Ang Lee's 'Life of Pi' Oscar win thrills Taiwanese

Ang Lee's victory at Hollywood's annual Oscar extravaganza on Sunday for the fantasy epic "Life of Pi" followed his 2005 win for "Brokeback Mountain."

John Shearer/Invision/AP
Ang Lee poses with his award for best directing for "Life of Pi" during the Oscars at the Dolby Theatre on Feb. 24, in Los Angeles.

A second Academy Award for best director has thrust Taiwan native Ang Lee into the top ranks of world filmmakers and made him a national hero on this diplomatically isolated island.

Lee's victory at Hollywood's annual Oscar extravaganza on Sunday for the fantasy epic "Life of Pi" followed his 2005 win for "Brokeback Mountain." Garnering additional awards for visual effects, cinematography and original score, "Life of Pi" pulled down four Oscars, the most of any film this year.

News of Lee's triumph electrified Taiwanese, many of whom watched a live broadcast early Monday. It was not only the surprise nature of the directorial award — "Lincoln" director Steven Spielberg was considered the category's clear frontrunner — but the intense pride they felt at a native son making it big in the world at large.

Since losing most of its diplomatic allies to China in the 1970s and 1980s — the two sides split in a civil war more than six decades ago — Taiwan has been on the outer fringes of the international community. It is now recognized by only 23 countries — mostly impoverished and devoid of influence — and outside of information technology circles, its global footprint is small.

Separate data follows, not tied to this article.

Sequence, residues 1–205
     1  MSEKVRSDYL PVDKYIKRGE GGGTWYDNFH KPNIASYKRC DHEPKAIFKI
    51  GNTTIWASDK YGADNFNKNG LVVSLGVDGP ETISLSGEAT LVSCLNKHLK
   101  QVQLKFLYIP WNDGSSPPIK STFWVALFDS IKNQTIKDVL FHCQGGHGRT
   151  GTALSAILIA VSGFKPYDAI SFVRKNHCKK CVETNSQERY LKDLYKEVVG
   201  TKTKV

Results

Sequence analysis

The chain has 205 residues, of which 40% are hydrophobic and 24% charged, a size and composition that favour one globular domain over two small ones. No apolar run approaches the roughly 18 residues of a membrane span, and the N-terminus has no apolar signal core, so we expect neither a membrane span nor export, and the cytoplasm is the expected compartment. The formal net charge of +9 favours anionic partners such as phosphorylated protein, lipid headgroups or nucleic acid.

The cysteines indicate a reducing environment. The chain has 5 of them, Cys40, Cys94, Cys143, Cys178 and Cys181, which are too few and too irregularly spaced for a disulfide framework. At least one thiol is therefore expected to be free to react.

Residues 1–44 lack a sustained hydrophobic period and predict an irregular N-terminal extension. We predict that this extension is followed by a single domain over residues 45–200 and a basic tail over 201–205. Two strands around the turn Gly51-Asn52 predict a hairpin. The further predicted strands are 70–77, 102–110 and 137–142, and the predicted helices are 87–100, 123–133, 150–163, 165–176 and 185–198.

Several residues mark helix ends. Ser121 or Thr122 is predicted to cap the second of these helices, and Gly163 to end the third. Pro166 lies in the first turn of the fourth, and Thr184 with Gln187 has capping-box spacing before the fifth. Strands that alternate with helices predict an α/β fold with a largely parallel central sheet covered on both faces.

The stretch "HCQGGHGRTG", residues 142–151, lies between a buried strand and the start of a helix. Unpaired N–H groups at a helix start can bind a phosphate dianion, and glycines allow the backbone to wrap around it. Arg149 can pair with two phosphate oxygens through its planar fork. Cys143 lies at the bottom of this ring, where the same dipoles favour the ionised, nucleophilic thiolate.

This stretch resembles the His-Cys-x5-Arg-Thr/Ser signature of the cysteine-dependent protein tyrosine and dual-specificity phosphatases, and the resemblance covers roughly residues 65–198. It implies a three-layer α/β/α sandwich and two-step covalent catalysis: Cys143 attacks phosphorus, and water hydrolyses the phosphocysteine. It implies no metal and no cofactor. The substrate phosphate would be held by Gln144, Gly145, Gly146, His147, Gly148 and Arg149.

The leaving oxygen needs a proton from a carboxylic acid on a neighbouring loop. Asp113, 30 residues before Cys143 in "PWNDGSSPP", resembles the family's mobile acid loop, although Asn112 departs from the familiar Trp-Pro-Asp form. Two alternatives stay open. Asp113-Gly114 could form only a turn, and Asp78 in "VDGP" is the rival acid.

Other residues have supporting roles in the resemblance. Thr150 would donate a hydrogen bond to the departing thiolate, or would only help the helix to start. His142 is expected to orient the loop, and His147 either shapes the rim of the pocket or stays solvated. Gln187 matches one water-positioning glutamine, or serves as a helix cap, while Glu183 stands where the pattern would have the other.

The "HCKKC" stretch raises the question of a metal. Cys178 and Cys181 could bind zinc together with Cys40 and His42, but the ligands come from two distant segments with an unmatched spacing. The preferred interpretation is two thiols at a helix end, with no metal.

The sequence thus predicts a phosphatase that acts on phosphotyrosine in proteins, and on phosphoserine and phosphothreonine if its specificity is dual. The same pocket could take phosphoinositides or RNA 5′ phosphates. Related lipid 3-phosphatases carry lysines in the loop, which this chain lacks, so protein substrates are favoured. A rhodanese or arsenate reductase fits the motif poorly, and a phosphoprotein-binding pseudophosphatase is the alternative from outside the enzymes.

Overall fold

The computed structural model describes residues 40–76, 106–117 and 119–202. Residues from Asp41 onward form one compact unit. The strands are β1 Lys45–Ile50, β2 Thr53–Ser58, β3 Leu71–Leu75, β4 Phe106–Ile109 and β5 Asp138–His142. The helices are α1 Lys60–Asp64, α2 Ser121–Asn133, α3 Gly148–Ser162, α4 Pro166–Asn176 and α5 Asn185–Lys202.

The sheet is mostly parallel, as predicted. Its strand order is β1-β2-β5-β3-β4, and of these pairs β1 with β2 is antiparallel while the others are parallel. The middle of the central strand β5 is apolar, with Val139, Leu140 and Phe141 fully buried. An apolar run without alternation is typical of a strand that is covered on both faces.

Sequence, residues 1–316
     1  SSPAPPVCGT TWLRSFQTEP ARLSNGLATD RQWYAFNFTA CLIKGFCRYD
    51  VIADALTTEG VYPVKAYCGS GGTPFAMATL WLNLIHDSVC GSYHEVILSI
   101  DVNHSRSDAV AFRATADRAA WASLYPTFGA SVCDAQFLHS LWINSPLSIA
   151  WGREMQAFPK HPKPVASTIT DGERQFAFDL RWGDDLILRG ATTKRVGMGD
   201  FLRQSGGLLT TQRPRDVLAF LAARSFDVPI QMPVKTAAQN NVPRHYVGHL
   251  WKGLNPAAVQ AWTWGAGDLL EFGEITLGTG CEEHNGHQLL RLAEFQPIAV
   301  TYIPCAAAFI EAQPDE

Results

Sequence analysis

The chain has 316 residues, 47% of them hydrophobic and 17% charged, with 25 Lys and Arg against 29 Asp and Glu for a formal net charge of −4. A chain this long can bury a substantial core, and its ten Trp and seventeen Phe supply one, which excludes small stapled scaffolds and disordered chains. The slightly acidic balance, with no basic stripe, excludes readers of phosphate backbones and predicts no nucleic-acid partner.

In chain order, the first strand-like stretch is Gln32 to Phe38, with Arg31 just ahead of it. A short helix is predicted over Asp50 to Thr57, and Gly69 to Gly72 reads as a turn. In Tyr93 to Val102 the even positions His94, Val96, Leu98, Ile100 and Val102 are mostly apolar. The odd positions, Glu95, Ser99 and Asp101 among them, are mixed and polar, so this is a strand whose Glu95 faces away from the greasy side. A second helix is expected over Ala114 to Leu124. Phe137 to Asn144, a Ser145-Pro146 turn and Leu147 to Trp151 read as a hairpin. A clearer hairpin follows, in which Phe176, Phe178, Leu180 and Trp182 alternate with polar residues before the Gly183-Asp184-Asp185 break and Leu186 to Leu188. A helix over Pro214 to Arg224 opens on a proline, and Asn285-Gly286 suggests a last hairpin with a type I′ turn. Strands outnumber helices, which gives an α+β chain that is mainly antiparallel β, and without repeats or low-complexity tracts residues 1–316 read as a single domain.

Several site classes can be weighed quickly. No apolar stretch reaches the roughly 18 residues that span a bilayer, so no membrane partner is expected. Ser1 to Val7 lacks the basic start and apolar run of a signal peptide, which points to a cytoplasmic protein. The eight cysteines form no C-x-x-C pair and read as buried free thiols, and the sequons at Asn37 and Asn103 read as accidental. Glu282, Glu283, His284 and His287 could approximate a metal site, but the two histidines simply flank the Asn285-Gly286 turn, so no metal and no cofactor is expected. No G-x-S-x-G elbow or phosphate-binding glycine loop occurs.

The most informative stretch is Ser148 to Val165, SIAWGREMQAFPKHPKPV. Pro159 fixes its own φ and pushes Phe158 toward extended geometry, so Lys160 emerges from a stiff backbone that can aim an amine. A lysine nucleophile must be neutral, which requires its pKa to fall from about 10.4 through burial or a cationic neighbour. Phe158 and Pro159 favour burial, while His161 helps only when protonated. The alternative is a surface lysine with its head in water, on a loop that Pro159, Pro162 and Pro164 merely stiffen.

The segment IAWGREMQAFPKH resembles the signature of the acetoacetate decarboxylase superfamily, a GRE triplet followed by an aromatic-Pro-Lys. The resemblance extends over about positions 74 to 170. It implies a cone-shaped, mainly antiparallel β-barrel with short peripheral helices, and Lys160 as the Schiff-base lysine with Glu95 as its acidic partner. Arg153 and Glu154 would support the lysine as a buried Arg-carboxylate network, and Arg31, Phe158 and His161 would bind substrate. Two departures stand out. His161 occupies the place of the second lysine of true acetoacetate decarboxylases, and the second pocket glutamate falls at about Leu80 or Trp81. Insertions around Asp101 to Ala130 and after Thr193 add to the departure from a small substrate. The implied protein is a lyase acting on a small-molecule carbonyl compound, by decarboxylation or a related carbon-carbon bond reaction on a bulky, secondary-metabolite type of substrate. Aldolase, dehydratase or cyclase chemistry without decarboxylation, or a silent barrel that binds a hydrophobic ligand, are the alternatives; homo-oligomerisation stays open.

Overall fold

Taiwanese President Ma Ying-jeou saw Lee's triumph as at least a temporary reversal of those fortunes, thanking Lee for "pushing Taiwan toward the world."

"Taiwanese are proud of you," Ma said in a congratulatory message.

Making Lee's Oscar win even sweeter was Taiwan's key role in the production of "Life of Pi," which tells the story of a shipwrecked Indian boy sharing his small boat with a ferocious tiger. A majority of the film was shot at a specially constructed water tank in the central city of Taichung, and Taiwanese took many of the most important jobs in seeing the film to completion.

Taiwanese production team member Mike Yang said Lee had the total devotion of the Taichung crew.

"If he wanted us to make the wave bigger or the movement of the animated tiger more detailed, we were willing to cooperate, and not because he was Ang Lee but because he commanded respect," Yang said.

Born in the southern Taiwanese city of Pingtung in 1954, Lee went to the U.S. in 1979 to study filmmaking at the University of Illinois, Champaign-Urbana. He burst into international prominence with "Sense and Sensibility" in 1995 and was nominated for best director for "Crouching Tiger, Hidden Dragon," which won the 2001 Oscar for best foreign language film.

Taiwan's film industry has been in the doldrums for more than two decades. Once seen as a world trendsetter for its subtle presentation of human interactions, it now languishes well behind other Asian cinemas, including those in South Korea and Hong Kong.

Lee also has a strong following in China, which claims Taiwan as part of its territory, and Chinese movie critic Meng Yuankai congratulated Lee on his win. "It's pride for the ethnic Chinese group. Can't wait for the next production," he said in his Sina Weibo account.

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